- Consider carefully a portfolio that has more illustration than graphic design. It may seem like a subtle distinction, but it is useful to distinguish between the two. An illustration may have limited typography and will primarily be an image. A skilled illustrator may not be a skilled graphic designer.
- Question a designer whose work appears excessively focused on trends and/or is all the same style. Are they comfortable with other styles, are they flexible enough for your needs?
- Avoid working with students or friends who do design as a hobby or side job. They may be talented and reliable, but they will often not be able to serve your long term needs and my not be familiar professional practices, copyright and ethical issues. Your best bet and value for money will be an established professional designer with whom you can build a long term relationship. Friends are also more likely to expect leniency with deadlines and details.
- Look for work that relates to your specific needs. Don’t hire a web designer for your 100,000 brochure run.
- Be wary of a designer who offers no alternate ideas or push back when you present your ideas. If they just create whatever you ask, you have a problem.
- A designer offering too many ideas to choose from can be an issue. A competent designer will narrow down the options fairly quickly and focus on one appropriate direction from which you can alter and tweak.
- Designers who ask questions about what colors you like might be a concern. The designer should be the expert on color choice and should be doing research to find what is appropriate for your project.
- It is a big red flag if a graphic designer is not asking many questions.
- Be critical of in-house designers at the place you get your printing or web design done. Make sure they have the same standards, quality and services as a stand alone design firm. It may be worth the cost and inconvenience to hire both a graphic designer and a printer.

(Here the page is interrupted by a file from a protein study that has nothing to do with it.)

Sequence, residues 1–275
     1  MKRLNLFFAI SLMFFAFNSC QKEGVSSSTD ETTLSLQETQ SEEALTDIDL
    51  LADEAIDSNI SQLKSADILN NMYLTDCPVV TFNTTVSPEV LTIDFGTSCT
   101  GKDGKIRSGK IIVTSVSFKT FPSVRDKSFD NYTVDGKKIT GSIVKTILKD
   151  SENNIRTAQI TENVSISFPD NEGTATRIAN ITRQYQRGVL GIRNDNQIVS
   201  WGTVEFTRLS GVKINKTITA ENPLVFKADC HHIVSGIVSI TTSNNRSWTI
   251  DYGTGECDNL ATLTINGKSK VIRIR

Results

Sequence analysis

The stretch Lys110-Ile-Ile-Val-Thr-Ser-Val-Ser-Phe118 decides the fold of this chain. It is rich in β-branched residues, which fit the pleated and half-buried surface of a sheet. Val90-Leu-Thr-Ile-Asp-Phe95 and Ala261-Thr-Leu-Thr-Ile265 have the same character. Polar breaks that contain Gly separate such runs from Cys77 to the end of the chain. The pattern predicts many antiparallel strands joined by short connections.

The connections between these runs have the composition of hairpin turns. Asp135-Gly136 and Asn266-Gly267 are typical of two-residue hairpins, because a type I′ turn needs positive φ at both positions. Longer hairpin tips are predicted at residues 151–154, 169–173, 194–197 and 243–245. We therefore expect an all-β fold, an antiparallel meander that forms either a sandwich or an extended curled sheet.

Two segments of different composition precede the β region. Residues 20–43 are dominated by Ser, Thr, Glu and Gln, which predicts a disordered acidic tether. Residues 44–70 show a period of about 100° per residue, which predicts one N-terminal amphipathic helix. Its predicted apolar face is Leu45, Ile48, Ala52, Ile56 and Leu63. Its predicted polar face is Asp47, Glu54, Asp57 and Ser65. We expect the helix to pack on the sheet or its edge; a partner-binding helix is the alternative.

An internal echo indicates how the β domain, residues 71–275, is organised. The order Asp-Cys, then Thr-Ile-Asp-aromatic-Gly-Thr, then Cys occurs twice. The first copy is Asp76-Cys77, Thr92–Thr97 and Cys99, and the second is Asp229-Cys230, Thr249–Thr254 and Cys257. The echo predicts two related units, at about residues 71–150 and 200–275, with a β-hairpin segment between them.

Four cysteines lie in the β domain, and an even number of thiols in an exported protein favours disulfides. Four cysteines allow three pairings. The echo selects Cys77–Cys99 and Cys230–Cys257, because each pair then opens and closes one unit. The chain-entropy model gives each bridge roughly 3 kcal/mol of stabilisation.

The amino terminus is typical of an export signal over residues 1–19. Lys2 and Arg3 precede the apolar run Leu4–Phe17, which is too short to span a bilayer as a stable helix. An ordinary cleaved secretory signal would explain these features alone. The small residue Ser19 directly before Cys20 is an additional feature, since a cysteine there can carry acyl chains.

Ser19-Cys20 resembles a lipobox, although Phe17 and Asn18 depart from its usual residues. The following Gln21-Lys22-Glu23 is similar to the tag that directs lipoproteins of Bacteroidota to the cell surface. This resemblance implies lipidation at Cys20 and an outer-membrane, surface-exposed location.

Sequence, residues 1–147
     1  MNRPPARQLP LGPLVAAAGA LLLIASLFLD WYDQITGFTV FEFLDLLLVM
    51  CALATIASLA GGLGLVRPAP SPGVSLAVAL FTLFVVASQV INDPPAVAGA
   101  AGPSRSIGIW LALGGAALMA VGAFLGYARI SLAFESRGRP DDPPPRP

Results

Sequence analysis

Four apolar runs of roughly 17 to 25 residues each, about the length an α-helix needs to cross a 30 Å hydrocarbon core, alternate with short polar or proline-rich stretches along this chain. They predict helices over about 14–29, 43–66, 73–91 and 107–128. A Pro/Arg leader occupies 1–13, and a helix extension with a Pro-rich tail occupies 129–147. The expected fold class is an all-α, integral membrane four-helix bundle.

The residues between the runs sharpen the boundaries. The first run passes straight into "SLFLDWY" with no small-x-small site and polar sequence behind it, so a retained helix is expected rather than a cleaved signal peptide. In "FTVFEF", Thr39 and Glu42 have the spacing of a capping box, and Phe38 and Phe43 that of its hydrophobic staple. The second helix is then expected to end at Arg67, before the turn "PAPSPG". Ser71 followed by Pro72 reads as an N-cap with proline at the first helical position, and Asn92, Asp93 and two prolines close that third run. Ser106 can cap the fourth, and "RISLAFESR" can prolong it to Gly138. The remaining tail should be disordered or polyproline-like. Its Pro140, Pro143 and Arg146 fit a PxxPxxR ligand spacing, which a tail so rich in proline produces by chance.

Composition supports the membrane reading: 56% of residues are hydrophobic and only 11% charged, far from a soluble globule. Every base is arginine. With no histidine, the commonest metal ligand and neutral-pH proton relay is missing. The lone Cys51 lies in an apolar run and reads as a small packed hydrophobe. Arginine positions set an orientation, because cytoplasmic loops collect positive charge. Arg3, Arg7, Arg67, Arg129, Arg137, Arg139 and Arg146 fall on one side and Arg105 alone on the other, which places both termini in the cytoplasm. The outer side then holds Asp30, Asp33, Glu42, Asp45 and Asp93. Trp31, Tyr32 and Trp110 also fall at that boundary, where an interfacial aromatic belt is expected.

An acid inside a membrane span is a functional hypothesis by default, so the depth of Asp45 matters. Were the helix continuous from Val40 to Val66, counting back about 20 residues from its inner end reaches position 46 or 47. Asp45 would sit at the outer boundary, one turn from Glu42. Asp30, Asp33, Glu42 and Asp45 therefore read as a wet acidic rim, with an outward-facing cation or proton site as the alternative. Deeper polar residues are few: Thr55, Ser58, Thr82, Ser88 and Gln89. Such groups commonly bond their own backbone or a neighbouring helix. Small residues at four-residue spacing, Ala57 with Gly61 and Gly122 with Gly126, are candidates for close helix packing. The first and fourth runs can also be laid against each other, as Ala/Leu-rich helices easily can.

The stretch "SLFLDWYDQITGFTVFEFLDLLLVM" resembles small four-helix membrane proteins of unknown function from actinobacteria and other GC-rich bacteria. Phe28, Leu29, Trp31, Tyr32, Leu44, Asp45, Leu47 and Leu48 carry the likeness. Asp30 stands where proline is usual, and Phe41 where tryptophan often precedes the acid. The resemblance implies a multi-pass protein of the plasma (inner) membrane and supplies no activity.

- Skills related to graphic design but which a specific designer may not be proficient in: marketing, web design, coding, photography, illustration, copywriting, social media. If one of these skills is a priority ensure your designer is proficient or willing to hire out for that task.
- The level of initial responsiveness returning phone calls and emails can be a future indicator of respect for your time and deadlines.
- Maintaining membership in professional affiliations: is a plus. Not a mandatory but it provides insight into seriousness and professionalism.
- A limited variety of client types may be a concern.
- A degree in graphic design is better than no degree. It is not a guarantee, but it speaks to a level of commitment and a basic level of competence. There are exceptions and amazing self-taught designers, but all else being equal I would choose the designer with formal education.
- Ask about their relationships with vendors. Do they have printers, mailing houses or web developers they work with regularly? This is a good way to get a sense of how established they are and how they function within the community.
- None of these individually are a deal breaker, but if they start to add up you may want to choose another designer.
You found a graphic designer, what now?
You need a contract, for any job, no matter the size. The contract need not be elaborate or filled with legalese, but it is mandatory. A contract protects both you and the designer. Even if someone is doing pro-bono work for you, you need a contract. Did I mention a contract is a good idea?
Items to be considered in a contract:
- Scope of the work: What exactly are you paying for? Make sure it is all explicit, don’t assume anything will be included, unless it is stated in the contract.
- Changes/Alterations: How many and what kinds of changes are included in the estimate.
- Designer/Client responsibilities: what is the client responsible for providing? Photos, copy, who is collaborating with printers etc.
- Contract termination: How can you get out of the contract if your not happy and what do you get and what do you owe? Who and under what circumstance can the contract be terminated? Who gets what, what are the terms?
- Turn around time/deadlines: Whether time is tight or not, a timeframe should be agreed upon.